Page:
A Sure, autumn leaves have yet to fall, but now is a great time to begin researching holiday flights. The best present you can give yourself and others is a good airfare -- think of the gifts you can give with the savings.
Generally, end-of-the-year holidays fill up planes, so don't expect sales, which are timed to entice fliers during slow times. In fact, you should expect to pay a premium for holiday flights. But there could be fluctuations, including a few dips. I'd suggest you shop around, using mega-search sites such as www.kayak.com and www.bing.com, which offers predictions on whether an airfare will go down. This way, you'll get a sense of what various airlines are charging. It helps to be flexible on dates, and keep in mind that the price could drop if you are willing to fly on the holiday, rather than just before or after. If you find a fare that looks good, click "buy."
Whether you purchase during the initial search, or need to think twice, sign up for a fare alert, which will deliver an e-mail when there's a deal on your route; do that at www.farecompare.com, www.airfarewatchdog.com and many other sites. Wait a while to see if prices drop. If they don't in a few weeks, buy anyway. Because of demand, prices are likely to rise. But keep the alerts active, in the event the price drops enough to cover the change fee.
SHIPPING OUTWeather alert for cruisers
Hurricane Irene wreaked havoc on travel recently, and it caused some cruise travelers to miss the boat out of San Juan, Puerto Rico, when cruise ships were forced to depart a few hours earlier because of the approaching storm. If you will be cruising when bad weather is predicted, be sure to check in with the cruise line ahead of time to see if there are any changes to the schedule. It's also a good idea to purchase travel insurance for your cruise itinerary, and if you purchase air separately, make sure both your cruise and airfare are included in the coverage. The cruise contract of carriage typically states that the cruise line can change the itinerary for any reason and it is not required to compensate passengers due to changes in schedule.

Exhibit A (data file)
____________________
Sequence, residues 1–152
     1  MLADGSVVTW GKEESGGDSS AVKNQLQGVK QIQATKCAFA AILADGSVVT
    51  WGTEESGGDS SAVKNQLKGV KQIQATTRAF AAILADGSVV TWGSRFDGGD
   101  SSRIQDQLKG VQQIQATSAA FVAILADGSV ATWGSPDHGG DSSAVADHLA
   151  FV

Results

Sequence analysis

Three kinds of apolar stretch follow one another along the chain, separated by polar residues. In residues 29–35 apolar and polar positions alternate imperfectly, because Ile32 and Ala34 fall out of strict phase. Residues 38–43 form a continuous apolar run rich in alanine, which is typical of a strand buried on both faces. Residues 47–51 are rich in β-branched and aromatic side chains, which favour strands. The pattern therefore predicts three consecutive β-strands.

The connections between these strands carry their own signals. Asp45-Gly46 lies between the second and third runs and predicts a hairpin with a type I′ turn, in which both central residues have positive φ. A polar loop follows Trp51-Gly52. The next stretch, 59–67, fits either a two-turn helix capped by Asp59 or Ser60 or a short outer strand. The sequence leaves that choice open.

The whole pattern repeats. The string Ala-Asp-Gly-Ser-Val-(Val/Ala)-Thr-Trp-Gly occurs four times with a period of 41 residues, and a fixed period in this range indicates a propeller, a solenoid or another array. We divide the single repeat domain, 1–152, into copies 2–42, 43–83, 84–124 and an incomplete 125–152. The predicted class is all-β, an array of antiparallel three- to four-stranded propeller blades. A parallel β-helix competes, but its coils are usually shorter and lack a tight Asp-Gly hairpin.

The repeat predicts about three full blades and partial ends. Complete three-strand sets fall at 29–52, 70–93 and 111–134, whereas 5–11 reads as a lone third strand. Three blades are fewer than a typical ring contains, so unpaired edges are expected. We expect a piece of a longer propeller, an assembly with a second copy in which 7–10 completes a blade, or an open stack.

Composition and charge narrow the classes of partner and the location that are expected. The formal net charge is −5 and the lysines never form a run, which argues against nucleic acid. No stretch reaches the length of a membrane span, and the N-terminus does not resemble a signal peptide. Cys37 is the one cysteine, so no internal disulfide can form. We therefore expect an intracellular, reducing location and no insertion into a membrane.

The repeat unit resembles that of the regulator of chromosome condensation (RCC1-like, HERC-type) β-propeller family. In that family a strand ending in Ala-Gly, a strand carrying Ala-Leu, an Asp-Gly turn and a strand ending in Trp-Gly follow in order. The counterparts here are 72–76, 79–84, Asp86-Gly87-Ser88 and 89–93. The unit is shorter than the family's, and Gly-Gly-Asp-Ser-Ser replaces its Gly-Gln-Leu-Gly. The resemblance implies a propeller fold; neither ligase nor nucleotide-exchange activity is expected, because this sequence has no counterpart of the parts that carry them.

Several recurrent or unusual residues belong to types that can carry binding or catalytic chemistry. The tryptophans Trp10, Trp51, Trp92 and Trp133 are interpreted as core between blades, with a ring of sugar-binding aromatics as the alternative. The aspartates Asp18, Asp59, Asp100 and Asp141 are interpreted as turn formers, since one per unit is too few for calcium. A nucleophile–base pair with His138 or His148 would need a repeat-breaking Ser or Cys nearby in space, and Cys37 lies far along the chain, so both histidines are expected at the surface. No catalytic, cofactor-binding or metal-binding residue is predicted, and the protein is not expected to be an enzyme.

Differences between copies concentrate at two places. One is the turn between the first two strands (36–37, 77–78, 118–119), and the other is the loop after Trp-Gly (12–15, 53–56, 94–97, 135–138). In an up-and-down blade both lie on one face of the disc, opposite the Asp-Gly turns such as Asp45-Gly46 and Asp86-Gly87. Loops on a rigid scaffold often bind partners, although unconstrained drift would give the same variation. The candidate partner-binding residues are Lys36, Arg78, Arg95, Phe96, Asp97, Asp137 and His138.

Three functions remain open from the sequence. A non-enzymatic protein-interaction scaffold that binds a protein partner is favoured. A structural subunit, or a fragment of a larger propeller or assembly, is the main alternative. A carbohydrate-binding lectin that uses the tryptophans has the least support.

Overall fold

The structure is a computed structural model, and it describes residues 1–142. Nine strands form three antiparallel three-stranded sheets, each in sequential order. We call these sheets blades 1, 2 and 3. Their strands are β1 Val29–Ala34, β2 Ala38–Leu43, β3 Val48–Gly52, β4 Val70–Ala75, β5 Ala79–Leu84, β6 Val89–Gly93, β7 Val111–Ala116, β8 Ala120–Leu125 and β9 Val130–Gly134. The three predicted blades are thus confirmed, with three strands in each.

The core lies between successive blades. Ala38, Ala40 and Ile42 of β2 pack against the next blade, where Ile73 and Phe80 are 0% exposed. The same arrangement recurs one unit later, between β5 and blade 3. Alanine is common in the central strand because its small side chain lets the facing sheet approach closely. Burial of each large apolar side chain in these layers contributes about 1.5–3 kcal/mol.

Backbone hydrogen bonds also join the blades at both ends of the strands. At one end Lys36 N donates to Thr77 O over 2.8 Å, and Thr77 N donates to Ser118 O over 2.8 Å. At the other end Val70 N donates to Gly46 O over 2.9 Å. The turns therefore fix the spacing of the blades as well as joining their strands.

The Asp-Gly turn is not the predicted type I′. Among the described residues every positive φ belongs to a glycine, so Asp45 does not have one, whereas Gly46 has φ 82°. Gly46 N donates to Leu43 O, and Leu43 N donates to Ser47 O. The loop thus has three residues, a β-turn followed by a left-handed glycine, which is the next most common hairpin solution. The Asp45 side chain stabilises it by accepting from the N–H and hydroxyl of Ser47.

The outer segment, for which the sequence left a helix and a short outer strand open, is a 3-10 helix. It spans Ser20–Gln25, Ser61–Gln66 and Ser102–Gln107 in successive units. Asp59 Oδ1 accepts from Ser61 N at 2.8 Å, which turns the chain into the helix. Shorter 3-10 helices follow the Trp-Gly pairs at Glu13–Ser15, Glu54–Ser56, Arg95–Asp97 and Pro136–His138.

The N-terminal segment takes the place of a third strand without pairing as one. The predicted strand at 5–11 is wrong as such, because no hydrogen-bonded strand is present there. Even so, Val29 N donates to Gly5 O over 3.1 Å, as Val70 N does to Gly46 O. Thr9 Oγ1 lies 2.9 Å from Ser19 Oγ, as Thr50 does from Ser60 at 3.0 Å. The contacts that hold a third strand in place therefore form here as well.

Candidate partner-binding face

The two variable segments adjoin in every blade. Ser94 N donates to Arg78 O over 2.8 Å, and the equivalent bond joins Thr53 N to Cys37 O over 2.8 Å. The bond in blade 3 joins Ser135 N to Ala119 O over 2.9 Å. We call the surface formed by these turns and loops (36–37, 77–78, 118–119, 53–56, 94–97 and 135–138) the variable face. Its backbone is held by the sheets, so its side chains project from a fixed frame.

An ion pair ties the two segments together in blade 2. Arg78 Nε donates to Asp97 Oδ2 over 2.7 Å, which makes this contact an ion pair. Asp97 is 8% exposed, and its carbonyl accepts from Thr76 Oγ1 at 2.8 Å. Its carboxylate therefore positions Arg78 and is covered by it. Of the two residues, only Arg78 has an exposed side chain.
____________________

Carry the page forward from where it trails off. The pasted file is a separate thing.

DALLAS MORNING NEWS
WEB WATCHTeens share travel reviews
Who says travel tips have to come from adults? Teentraveltalk.com lets teens with wanderlust write about their family vacations, from summer vacations at American theme parks to building houses in Cambodia. The site features more than 450 articles that span destinations around the globe. The teens are credited with only their first name, which is great for online safety.
LOS ANGELES TIMES
IOWAHistoric Park Inn reopens
The Historic Park Inn, the only surviving hotel designed by Frank Lloyd Wright, recently reopened after an $18.5 million renovation. Rates at the 27-room historic property in Mason City, Iowa, start at $100 a night. For more information, go to www.historic parkinn.com.
WORK ZONEHotels to spend on upgrades
Don't be surprised if the next hotel you visit is swarming with construction workers and landscapers. The U.S. lodging industry is expected to spend $3.5 billion on upgrades this year, a 30 percent increase from last year, according to a study by Bjorn Hanson, dean of New York University's Preston Robert Tisch Center for Hospitality, Tourism and Sports Management.
LOS ANGELES TIMES
DEAL OF THE WEEKHotel deals in Barbados
Three Barbados hotels are offering a Stay Five, Pay Four promotion. Rates start at $125 per night double ($500 for five nights) at Sunswept Beach Hotel; $300 ($1,200) at the all-inclusive Island Inn Hotel; and $425 ($1,700) at the all-inclusive Mango Bay Resort. Reserve by Sept. 30; stay through Dec. 18. Details at the respective websites: www.sunsweptbeach.com; www.islandinnbarbados.com; www.mangobaybarbados.com.
SIDEROADSHailing all things cranberry
Calling all cranberry lovers. You can eat until your heart (or maybe your stomach) is content at the 32nd annual Cranberry Festival Oct. 1-2 in Eagle River, Wis. Thousands of people from around the Midwest are expected to check out the fun, including cranberry marsh and winery tours, a cranberry cookoff, an arts and crafts show, live music, antiques, farmers market and more (1-800-359-6315; www.eagleriver.org).
COLLEEN A. COLES